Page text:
Academics are busy, and our schedules are uneven. If you give me something to do six weeks in advance, then maybe in week three I'll find a spare afternoon and be able to do it. Leaving much less than a month for someone to write a letter is getting off on the wrong foot and already implicitly asking for less than the best possible letter.
2) Provide information about yourself rather than waiting for the faculty member to ask.
You should not write the letter yourself, but you should certainly include all information that you think might be pertinent, and you are well within your rights to highlight certain information that you think might be especially pertinent. Preparing something like a CV but tailored for a good letter rather than a job would be ideal.
3) Do everything in your power to minimize the attendant clerical work in submitting the letter.
Faculty members are busy and also, honestly, a bit lazy/snooty about routine work. If you tell me to mail a letter to a certain address, then there is going to be a whole day in which I print out the letter and don't get around to correctly putting it in an envelope. If the letters still need to be mailed (fewer and fewer do, and most but not all faculty members prefer to do things electronically), it would be wise to provide a self-addressed stamped envelope. If the submission is electronic, again try to ensure that the faculty member needs to do as little as possible. Ideally we get a website and a password, we enter those in, and we immediately upload the letter. Much more than that is asking for trouble. My own university makes faculty members jump through many more hoops to submit a letter, and this worries the hell out of me.
3') If your letter needs to be sent to multiple locations in a way which requires the faculty member to do something multiple times, see if you can figure out a way for the faculty member to submit the letter only once. E.g., perhaps there is an administrative assistant (AA) at your institution that will agree to receive the letter and take care of the nitty gritty of sending it to various places. You may have to ask for this, and you should ask, as nicely as you possibly can. Given the choice between getting a faculty member to do this clerical work and getting an AA to do it, you want the AA to do it: they are superior in every way. Always remember to be extra nice to the AA's: you want in fact to be nicer to them than the average person they have to interact with, as then they will notice and do better work for you than the average person they have to interact with. If you're asking an AA to do something which it is not absolutely clearly part of their job description, go ahead and ask but be extra extra nice: a small gift at the end is a classy move.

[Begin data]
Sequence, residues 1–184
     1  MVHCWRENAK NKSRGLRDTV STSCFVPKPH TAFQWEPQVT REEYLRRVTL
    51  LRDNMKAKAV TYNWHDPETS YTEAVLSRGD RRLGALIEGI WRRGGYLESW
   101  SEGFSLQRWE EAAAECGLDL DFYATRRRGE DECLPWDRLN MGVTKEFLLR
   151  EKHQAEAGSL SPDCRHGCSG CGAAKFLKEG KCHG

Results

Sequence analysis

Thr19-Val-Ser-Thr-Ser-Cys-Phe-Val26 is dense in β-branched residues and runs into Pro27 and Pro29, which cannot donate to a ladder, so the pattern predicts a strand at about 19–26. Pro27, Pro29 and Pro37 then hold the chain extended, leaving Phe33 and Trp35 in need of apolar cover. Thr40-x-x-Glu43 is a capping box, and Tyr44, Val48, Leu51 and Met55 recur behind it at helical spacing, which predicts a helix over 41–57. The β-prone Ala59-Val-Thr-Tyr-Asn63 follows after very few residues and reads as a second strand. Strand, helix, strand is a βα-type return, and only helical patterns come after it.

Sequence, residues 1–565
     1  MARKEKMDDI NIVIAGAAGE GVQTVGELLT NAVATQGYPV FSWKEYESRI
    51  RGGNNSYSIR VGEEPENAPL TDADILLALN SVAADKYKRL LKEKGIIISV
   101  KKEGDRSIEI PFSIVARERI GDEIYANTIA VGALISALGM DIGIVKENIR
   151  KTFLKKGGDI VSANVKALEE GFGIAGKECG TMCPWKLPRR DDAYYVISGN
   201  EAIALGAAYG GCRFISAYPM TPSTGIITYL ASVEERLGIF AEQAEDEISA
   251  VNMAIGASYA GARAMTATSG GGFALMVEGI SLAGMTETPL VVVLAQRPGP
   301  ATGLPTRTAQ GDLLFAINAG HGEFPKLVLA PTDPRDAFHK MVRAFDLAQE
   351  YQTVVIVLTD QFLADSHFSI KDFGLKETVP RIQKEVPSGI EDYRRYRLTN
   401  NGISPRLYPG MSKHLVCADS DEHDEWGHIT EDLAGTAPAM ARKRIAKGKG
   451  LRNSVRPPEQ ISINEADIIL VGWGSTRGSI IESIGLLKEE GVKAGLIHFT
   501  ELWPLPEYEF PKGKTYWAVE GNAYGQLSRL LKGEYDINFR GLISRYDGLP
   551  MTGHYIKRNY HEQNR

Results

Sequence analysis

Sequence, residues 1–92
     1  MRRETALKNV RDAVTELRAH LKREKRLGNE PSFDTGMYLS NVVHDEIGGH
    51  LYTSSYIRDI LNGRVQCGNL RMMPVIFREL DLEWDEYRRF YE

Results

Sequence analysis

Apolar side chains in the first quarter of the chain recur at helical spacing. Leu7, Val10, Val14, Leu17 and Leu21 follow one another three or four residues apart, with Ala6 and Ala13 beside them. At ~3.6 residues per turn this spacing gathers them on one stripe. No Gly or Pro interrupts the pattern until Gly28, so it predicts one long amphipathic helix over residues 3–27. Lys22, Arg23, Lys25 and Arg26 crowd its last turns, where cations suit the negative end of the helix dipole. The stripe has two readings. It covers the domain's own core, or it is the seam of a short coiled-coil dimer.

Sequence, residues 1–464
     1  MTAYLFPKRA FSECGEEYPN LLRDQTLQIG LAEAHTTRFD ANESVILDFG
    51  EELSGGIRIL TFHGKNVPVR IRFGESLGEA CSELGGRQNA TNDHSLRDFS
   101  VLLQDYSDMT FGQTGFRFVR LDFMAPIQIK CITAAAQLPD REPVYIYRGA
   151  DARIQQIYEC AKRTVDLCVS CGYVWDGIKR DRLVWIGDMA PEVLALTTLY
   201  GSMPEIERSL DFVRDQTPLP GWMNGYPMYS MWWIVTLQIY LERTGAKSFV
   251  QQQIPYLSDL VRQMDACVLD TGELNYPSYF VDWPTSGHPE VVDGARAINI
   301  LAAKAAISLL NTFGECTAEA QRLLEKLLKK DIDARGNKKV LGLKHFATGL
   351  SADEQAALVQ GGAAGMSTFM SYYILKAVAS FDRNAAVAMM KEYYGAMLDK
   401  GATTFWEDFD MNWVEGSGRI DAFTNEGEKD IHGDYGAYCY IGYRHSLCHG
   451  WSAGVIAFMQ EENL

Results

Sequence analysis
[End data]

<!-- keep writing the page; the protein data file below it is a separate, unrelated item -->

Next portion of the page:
4) Don't be shy about checking up on the faculty member to see whether the letter has been written.
I frankly expect this, to the extent that if you ask me for a letter (including giving me all the information) and never check back again, I almost believe that you changed your mind and didn't really need it after all. It is totally acceptable to ask multiple times for the faculty to turn in the letter. I'm afraid that there has been "email alert inflation" in recent years, to the extent that if I only get one email about something, it feels almost optional. Really important things have a way of resulting in multiple emails coming at shorter and shorter intervals. Even to get me to write my grant reports they are not shy about sending several. You should always be nice about this -- at any point the faculty member could in theory change their mind -- but we are grateful if it is your mental energy which is being spent on making sure it gets done.